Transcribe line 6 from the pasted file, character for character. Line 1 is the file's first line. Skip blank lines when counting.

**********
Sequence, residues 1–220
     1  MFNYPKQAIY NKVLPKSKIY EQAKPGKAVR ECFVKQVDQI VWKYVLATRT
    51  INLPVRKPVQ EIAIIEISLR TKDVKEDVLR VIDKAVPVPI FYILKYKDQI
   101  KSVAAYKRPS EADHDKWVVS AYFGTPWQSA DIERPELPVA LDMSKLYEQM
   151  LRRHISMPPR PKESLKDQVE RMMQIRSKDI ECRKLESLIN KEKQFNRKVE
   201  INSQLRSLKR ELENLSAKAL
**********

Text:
   201  INSQLRSLKR ELENLSAKAL